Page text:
The genus Salsola consists of 200 species and a few members, such as S. baryosoma, S. foetida, S. richteri, and S. tragus, have been used in Chinese traditional medicine for the treatment of cancer, hypertension, and inflammation [20,21,22]. Salsola komarovii (SK) grows in sand dunes and beaches in Japan, China, and Korea. The plant, an annual herbaceous halophyte, is used for the rehabilitation and reclamation of degraded saline lands [23]. SK has been traditionally used to treat hyperpyrexia, hypertension, inflammation, jaundice, and gastrointestinal diseases [24]. Recently, several antioxidant constituents in SK, including 7 flavonoids and 2 phenolic amides, have been identified by high-performance liquid chromatography–mass spectrometry [25]. A phytochemical analysis of SK revealed 19 compounds, namely, 5 lignan glycosides, 7 megastigmane glycosides, and 7 phenolic compounds, and among them, 3 compounds, namely, alangilignoside C, conicaoside, and blumenyl B β-D-glucopyranoside, induced the secretion of neural growth factor (NGF) [26]. In addition, the ameliorating effect of SK against gastritis and gastric ulcers was verified in vivo in a mouse model [24]. However, other biological activities of SK have been rarely studied.

The clinical use of classic GCs has been limited because of their debilitating adverse effects. Thus, a comprehensive understanding of GR signaling pathways would help develop strategies to overcome the limitations of classic GCs. Consequently, dissociated GCs, which present an ideal balance between therapeutic advantages and adverse effects, have been studied [19, 27]. In this study, we investigated the novel dissociative GC activity of SK ethanol extract (SEE) using an in vitro cell model and compared it with that of a standard GC, hydrocortisone (HC). We further elucidated the potential dissociated GC mechanisms of SEE by analyzing relevant signaling pathways and factors.

Methods

Chemicals and reagents

HC (#H0888), human tumor necrosis factor-α (TNF-α, #8916), lipopolysaccharide (LPS, #L4391) from Escherichia coli O111:B4, phorbol 12-myristate 13-acetate (PMA, #P8139), insulin (#I3536), isopropanol (#9516), and 3-isobutyl-1-methylxanthine (IBMX, #5879) were purchased from Sigma-Aldrich (St. Louis, MO, USA). Dulbecco’s phosphate-buffered saline (DPBS) without calcium and magnesium (#14190144) was purchased from Gibco (Thermo Fisher Scientific, Waltham, MA, USA). Cignal reporter assay kits for the NF-κB (#CCS-013 L) and GRE (#CCS-006 L) pathways were purchased from Qiagen (Hilden, Germany) and the DualGlo luciferase reporter system kit (#E1960) was procured from Promega (Madison, WI, USA). Genjet™ in vitro DNA transfection reagent (Ver. II, #SL100489) was purchased from (Rockville, MD, USA).

Polyclonal rabbit anti-human glucocorticoid receptor (#ab3578, 1 mg/mL; Abcam, Cambridge, UK) and monoclonal rabbit anti-human NF-κB p65 (#C22B4; Cell Signaling Technology, Danvers, MA, USA) antibodies were used for the immunofluorescence assay. Alexa 594 goat anti-rabbit antibody (#ab150080, Abcam) was used as the secondary antibody and 4′,6-diamidino-2-phenylindole dihydrochloride (DAPI, #D9542; Sigma-Aldrich) was used to counter-stain DNA.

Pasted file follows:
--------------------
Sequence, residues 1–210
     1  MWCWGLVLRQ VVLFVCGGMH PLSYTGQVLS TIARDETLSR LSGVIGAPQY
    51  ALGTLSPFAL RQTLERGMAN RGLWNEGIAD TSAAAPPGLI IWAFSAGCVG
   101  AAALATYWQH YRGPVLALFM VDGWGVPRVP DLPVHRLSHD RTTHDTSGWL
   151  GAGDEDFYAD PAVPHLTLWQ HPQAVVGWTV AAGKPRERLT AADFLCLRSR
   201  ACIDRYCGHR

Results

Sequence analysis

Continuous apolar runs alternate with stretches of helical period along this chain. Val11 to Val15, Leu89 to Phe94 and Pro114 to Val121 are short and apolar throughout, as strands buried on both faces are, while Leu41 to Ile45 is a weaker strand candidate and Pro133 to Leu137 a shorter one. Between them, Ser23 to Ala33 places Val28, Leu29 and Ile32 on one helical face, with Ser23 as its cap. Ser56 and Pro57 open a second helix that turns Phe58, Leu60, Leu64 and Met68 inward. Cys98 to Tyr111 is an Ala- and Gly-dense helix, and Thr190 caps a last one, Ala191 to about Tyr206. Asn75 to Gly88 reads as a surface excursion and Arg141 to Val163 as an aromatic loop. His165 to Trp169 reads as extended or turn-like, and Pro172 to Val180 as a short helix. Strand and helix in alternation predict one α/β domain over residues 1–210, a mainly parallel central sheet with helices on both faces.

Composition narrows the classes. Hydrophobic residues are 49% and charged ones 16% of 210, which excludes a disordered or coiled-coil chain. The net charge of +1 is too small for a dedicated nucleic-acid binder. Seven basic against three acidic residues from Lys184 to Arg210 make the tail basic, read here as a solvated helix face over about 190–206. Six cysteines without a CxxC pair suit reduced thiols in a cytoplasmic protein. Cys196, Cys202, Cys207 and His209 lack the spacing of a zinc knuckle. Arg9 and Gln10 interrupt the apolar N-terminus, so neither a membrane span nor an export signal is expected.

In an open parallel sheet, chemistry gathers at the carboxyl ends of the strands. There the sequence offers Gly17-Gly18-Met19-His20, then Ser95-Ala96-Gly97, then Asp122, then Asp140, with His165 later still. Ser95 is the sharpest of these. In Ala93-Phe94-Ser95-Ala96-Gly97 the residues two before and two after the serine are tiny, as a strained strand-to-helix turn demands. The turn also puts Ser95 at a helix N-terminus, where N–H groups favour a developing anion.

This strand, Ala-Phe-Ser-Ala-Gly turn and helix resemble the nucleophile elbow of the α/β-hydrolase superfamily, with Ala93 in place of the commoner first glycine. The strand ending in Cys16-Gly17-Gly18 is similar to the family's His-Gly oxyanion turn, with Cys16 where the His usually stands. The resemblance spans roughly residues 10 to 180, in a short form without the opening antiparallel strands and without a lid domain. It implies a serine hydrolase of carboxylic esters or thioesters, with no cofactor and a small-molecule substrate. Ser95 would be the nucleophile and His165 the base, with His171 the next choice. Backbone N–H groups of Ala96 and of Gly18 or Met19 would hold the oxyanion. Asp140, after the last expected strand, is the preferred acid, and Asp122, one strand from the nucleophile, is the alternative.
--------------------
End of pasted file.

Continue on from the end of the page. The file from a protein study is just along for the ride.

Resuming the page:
SK ethanol extract preparation

SEE was prepared as previously described [24]. Air-dried powdered SK was purchased from Yongmoon Farm (Yongin, Korea); 100 g of the powder was extracted with 2000 mL of 50% ethanol (v/v) at 80 °C under reflux conditions for 3 h. The extract was then filtered using qualitative filter paper (#1004090; Whatman, Maidstone, UK) under decompression conditions. The ethanol extract (28.5 g) was vacuum-dried using a rotary evaporator (Buchi, Flawil, Switzerland); the extract yield was 28.5%. The dry ethanol extract was dissolved in distilled water to a concentration of 20% (w/v) for use in the in vitro tests.

Cell culture

For the immunofluorescence assay, HaCaT human keratinocyte cell line was obtained from AddexBio (San Diego, CA, USA) and cultured in Dulbecco’s modified Eagle’s medium (DMEM, #11995073) supplemented with 10% fetal bovine serum (FBS, #16000044) and 1% antibiotic-antimycotic (#15240062; all from Gibco, Thermo Fisher Scientific). For transfection, HepG2 human liver carcinoma cell line was purchased from the Korean Cell Line Bank (Seoul, Korea) and cultured in Roswell Park Memorial Institute 1640 medium (#11875–093; Gibco) supplemented with 10% FBS and 1% antibiotic-antimycotic. For the IL-6 enzyme-linked immunosorbent assay (ELISA), Thp-1 human monocytic cell line was purchased from the American Type Culture Collection (Manassas, VA, USA) and cultured in Roswell Park Memorial Institute 1640 with 25 mM HEPES (#22400–089; Gibco) supplemented with 10% FBS, 1% antibiotic-antimycotic, and 0.1% 2-mercaptoethanol (#21985–023; Gibco). For adipogenesis, 3 T3-L1 preadipocytes were obtained from the American Type Culture Collection and maintained in DMEM supplemented with 10% bovine calf serum (BCS, #16170078; Gibco) and 1% antibiotic-antimycotic. All cell lines were maintained at 37 °C in a humidified atmosphere with 5% CO2.

Fluorescence polarization GR competitor assay